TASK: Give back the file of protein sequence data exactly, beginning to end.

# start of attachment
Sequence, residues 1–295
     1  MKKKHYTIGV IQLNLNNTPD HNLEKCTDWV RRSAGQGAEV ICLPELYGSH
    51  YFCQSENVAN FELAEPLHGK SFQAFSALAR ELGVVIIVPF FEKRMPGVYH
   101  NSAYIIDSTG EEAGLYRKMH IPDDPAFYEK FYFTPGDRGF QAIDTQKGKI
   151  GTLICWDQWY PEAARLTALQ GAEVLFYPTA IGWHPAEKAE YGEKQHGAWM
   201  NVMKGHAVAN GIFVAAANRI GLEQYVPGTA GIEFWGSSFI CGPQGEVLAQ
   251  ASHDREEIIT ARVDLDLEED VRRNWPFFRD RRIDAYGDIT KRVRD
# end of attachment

Sequence, residues 1–295
     1  MKKKHYTIGV IQLNLNNTPD HNLEKCTDWV RRSAGQGAEV ICLPELYGSH
    51  YFCQSENVAN FELAEPLHGK SFQAFSALAR ELGVVIIVPF FEKRMPGVYH
   101  NSAYIIDSTG EEAGLYRKMH IPDDPAFYEK FYFTPGDRGF QAIDTQKGKI
   151  GTLICWDQWY PEAARLTALQ GAEVLFYPTA IGWHPAEKAE YGEKQHGAWM
   201  NVMKGHAVAN GIFVAAANRI GLEQYVPGTA GIEFWGSSFI CGPQGEVLAQ
   251  ASHDREEIIT ARVDLDLEED VRRNWPFFRD RRIDAYGDIT KRVRD